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Vol. 41. Núm. 5.
Páginas 379-380 (maio 2022)
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Vol. 41. Núm. 5.
Páginas 379-380 (maio 2022)
Editorial comment
Open Access
Mechanical circulatory support in children
Suporte circulatório mecânico nas crianças
Miguel Abecasis
Serviço de Cirurgia Cardiotorácica, CHLO, Hospital de Santa Cruz, Carnaxide, Portugal
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Extracorporeal life support (ECLS) began in the 1950s, when John Gibbon built the first heart lung machine. In 1975, Robert Bartlett successfully treated a child using extracorporeal membrane oxygenation (ECMO) for the first time. Unrelated to cardiac surgery, ECMO is implanted in a child for the first time in Portugal in May 2010, being nowadays the respiratory distress syndrome its main indication in children.1,2

The creation of an ECLS program (temporary support for pulmonary function and/or cardiac function using mechanical devices) represents a major challenge due to the complex medical and technical nature of the devices and associated learning needs.

These patients pose a challenge to multidisciplinary collaboration between Pediatric Cardiology, Cardiothoracic Surgery, Intensive Medicine, Anesthesia, Clinical Pathology, Immunotherapy and Hemotherapy, Psychiatry, Infusion and Nursing. This collaboration is one of the determining factors for the success of the technique, ensuring maximum safety for the patient and the best outcomes. The continued interaction among those involved, focused on a common goal of solving or exploring a series of interlinked problems, with the possible participation of the child and family, seems utterly fundamental.

Setting up “core team” specifically prepared to treat patients on mechanical life support enables timely discussion of the cases, selecting the best candidates and choosing the proper time to start support, minimizing end-organ perfusion injuries,3 a problem that was identified by the authors.

By definition ECLS (being excluded here fully implantable systems) includes a number of support techniques of which ECMO is just one example. I agree that categorizing them according to type of flow, whether interposition or not an oxygenator with all the disadvantages this entails, makes more sense.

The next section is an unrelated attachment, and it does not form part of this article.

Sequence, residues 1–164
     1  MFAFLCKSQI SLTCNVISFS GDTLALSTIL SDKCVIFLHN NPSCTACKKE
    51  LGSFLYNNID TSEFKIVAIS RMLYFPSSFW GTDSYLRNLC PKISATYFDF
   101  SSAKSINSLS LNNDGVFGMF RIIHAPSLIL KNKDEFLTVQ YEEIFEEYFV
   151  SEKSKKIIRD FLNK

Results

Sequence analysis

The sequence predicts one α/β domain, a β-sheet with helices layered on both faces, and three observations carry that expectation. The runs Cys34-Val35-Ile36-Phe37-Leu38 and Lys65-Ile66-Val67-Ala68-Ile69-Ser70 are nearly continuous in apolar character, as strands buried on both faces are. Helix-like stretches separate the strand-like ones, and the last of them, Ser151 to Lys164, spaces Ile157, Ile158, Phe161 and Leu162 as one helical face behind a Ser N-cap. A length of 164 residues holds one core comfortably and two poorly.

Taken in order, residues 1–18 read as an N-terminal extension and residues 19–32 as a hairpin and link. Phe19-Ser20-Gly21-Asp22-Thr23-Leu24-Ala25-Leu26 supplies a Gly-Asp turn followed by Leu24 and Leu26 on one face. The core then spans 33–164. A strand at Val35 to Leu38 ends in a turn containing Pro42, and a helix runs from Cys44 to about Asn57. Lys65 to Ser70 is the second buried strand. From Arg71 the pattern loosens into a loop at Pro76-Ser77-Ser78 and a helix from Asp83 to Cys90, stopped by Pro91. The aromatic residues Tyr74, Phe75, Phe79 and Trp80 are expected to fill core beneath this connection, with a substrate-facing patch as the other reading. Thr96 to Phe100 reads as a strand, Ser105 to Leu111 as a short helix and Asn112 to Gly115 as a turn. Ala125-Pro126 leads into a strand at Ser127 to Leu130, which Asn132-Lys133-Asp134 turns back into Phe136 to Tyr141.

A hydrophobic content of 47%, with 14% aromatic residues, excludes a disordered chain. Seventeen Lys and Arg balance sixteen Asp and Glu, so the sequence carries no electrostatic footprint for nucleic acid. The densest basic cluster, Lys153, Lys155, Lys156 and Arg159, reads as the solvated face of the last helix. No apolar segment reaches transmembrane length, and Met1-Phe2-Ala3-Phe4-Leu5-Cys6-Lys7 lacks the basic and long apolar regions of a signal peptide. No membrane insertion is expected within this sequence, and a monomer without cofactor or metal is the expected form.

From a strategic point of view, ECMO, in a tertiary center as described, has been losing importance and its use is yet justified, due to the greater familiarity with its implementation, often avoiding central cannulation in situations where a need for very short support is expected or as a bridge to decision. As mentioned by the authors, there has been a growth in importance for both the pulsatile paracorporeal ventricular assist device for implantation in newborns and long-term support, and the paracorporeal continuous-flow ventricular assist device for implantation in children with greater body surface, bridge to recovery, bridge to decision, bridge to transplantation or bridge to another type of device (justified by lack of donors in this age range).

In the future, with the increased experience of the various centers, the next step will be to delay transplant listing after left ventricular assist device implantation, enabling improvement in end-organ function, rehabilitation optimization and even managing patients in the community.4

Despite the enormous progress in the management and innovation of this type of equipment, complications both mechanical (thrombi and problems at the level of the cannulas), and clinical (stroke, hemorrhage, multiorgan failure and infection), continue to have a major impact on this type of patients. These complications were also encountered by the authors in their analysis, despite the weaknesses identified in this study.

The authors should be congratulated on the publication of their results in this area. The creation of registers such as The European Registry for Patients with Mechanical Circulatory Support (EUROMACS): EUROMACS Pediatric (Paedi-EUROMACS) report will result in the availability of new data for making clinical decisions for the special population of pediatric patients.5

Conflicts of interest

The author has no conflicts of interest to declare.

S. Abreu, C. Brandão, C. Trigo, et al.
Mechanical circulatory support in children: strategies, challenges and future directions.
Rev Port Cardiol, 41 (2022), pp. 371-378
D. Meireles, F. Abecasis, L. Boto, et al.
Extracorporeal membrane oxygenation: the first 10 years experience of a Portuguese Pediatric Intensive Care Unit.
Acta Med Port, 34 (2021), pp. 435-441
S.-E. Bartfay, G. Dellgren, S. Hallhagen, et al.
Durable circulatory support with a paracorporeal device as an option for pediatric and adult heart failure patients.
J Thorac Cardiovasc Surg, 161 (2021), pp. 1454-1464
J. Conway, O. Miera, I. Adachi, et al.
Worldwide experience of a durable centrifugal flow pumpin pediatric patients.
Semin Thoracic Surg, 30 (2018), pp. 327-335
M.M.H. de By Theo, C.F.J. Antonides, M. Schweiger, et al.
The European Registry for Patients with Mechanical Circulatory Support (EUROMACS): second EUROMACS Pediatric (Paedi-EUROMACS) report.
Eur J Cardio-Thorac Surg, 57 (2020), pp. 1038-1050
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